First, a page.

Aerial Chemical Detection System Testing Completed By NevadaNano and University of Utah Robotics Center
U.S. Army contract is extended to continue innovation in autonomy and chemical sensing
NevadaNano, a developer of the Molecular Property Spectrometer gas sensing technology, announces its latest achievement award. According to the company’s website, the U.S. Army awarded the company, along with the University of Utah’s DARC Lab, the next round of funding for the “Autonomous Broad Spectrum Environmental Sentinels” Small Business Technology Transfer (STTR) program, started in 2014. The new funding was awarded after the partners successfully demonstrated an autonomous aerial robot with onboard chemical sensing.
For the demonstration in June, NevadaNano redesigned their Molecular Property SpectrometerTM (MPS) system to sense multiple chemicals in a small, 110-gram package. The University of Utah developed an advanced quadcopter aerial robot with up to 40-minute flight times. The robot includes LIDAR object sensing for collision avoidance, precision GPS with programmable waypoints for autonomous flight through a course at program altitudes, and auto take-off and auto landing capabilities. In the current project phase, the team demonstrated the aerial system flying to a suspected chemical plume, measuring the presence of hazardous gases and automatically mapping the gas plume in an interactive map on a wirelessly connected ground computer.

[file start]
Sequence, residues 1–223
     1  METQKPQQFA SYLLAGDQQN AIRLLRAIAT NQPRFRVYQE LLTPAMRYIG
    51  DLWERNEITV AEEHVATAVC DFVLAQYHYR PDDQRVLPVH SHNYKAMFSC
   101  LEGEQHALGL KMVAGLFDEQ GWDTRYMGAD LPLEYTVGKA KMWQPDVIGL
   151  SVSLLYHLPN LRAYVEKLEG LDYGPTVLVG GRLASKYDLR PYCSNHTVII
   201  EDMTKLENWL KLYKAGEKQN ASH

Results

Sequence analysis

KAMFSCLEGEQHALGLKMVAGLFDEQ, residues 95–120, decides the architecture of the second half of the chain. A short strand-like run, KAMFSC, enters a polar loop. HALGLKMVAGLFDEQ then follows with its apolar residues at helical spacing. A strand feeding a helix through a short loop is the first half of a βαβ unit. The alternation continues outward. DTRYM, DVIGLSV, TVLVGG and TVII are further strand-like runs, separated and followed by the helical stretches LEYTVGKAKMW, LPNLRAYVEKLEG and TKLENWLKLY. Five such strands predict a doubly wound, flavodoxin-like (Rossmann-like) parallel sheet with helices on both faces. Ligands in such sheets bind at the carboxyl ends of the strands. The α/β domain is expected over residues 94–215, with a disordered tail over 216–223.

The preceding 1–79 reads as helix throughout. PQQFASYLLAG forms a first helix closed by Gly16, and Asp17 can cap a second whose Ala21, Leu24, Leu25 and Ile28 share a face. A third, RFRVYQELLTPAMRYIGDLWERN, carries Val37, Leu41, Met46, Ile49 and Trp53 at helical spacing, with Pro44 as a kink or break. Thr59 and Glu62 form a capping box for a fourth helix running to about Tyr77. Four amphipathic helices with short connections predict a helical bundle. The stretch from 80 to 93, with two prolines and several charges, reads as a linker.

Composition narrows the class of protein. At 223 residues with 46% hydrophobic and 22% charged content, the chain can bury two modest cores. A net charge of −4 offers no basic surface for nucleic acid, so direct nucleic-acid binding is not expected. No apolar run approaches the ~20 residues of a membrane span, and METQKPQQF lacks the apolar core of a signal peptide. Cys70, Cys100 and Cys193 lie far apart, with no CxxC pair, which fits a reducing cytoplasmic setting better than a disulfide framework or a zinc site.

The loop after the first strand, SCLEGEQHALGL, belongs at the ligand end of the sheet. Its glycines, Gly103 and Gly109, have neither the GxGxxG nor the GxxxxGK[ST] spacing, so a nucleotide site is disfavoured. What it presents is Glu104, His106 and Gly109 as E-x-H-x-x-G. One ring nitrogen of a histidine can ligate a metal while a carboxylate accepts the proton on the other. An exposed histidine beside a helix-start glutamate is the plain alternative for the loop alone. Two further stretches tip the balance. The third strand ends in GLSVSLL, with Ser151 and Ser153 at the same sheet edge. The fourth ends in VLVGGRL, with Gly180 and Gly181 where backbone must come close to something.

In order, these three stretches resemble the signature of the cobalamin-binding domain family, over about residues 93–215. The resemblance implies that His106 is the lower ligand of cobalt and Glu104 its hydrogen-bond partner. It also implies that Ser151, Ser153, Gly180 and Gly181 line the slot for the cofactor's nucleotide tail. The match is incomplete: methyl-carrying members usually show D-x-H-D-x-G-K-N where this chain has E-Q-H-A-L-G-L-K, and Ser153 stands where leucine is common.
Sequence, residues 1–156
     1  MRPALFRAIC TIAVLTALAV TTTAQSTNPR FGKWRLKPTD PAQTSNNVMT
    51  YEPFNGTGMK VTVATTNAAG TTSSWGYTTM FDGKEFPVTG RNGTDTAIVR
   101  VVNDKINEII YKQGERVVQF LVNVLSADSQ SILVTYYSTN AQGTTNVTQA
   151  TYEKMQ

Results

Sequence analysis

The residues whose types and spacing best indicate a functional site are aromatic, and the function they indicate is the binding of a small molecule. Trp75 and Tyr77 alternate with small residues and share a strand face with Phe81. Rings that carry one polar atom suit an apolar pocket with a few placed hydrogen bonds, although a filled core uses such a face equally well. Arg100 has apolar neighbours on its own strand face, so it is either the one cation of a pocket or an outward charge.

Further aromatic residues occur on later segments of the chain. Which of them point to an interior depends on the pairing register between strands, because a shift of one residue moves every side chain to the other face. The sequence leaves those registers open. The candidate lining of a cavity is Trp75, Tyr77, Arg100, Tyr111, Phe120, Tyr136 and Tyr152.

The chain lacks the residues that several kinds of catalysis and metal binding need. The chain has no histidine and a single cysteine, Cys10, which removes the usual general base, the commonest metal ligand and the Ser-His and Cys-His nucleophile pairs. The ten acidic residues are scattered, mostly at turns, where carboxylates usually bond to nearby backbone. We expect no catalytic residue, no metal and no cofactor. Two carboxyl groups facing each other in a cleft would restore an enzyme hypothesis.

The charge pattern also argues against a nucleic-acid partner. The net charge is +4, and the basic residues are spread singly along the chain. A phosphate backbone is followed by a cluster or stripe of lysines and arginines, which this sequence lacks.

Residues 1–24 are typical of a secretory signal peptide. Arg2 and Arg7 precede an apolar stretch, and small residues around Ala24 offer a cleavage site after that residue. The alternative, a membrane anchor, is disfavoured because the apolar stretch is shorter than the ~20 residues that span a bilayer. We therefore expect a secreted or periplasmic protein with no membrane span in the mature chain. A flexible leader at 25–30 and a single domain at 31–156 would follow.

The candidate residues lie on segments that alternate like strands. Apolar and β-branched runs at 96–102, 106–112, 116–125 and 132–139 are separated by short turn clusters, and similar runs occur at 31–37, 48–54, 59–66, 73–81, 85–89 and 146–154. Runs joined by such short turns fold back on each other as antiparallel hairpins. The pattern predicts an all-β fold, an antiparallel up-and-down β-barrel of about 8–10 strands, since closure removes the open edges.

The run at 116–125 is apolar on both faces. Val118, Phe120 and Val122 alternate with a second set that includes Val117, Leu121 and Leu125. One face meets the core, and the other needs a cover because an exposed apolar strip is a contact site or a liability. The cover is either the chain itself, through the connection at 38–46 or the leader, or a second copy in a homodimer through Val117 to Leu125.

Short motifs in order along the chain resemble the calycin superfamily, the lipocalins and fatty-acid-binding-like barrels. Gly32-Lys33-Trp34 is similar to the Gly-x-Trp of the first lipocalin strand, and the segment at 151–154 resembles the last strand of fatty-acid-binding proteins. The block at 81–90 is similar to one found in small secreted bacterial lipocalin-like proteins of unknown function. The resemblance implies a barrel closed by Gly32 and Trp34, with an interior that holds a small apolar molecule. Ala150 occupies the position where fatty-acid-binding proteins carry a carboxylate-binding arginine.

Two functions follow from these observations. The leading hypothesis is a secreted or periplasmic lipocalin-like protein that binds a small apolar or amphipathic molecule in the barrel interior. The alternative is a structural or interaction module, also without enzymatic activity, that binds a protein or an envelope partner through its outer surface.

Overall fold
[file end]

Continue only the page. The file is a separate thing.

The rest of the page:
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Ben Rogers, Principal Engineer at NevadaNano said, “MPS technology is ideally suited for an aerial application like this. It delivers sensitive detection of multiple gases in a small, low-power package that is easily mounted on a drone with little impact on flight endurance. MPS technology is designed to be extendible and we will continue to expand the library of gases detected, opening up exciting new applications.”
Kam K. Leang, Associate Professor of mechanical engineering and director of the Utah DARC Lab, said, “Having the opportunity to develop such a unique system that can autonomously sense and analyze dangerous gases is exciting. The robot is lightweight, compact, and easily deployed for applications in emergency response and environmental monitoring where keeping humans out of harm’s way is a top priority. We are looking forward to adding more features, developing swarming capabilities, and performing live field tests.”
In the next phase of the program, NevadaNano will improve the chemical sensor to handle a broader library of chemicals at increased sensitivities. The University of Utah will add functions for drone-to-drone communications, swarming, and automated area search so that a fleet of drones can be launched to quickly detect and map a chemical plume with minimal input from the operator.
The rapid advancement of flying robots is enabling applications in military reconnaissance, surveillance, law enforcement, hazardous waste inspection/removal, disaster response, search and rescue, and remote sensing. The Army anticipates that the technology developed in this program will be used for detecting and mapping a variety of chemicals, including air pollutants, toxic chemical leaks and spills, chemical plumes from fires, pesticides, biological agents, and chemical warfare agents.
The work described is supported by the Small Business Technology Transfer (STTR) Program and the Engineering Research and Development Center (ERDC) – Construction Engineering Research Laboratory (CERL) under Contract No. W9132T-16-C-0001.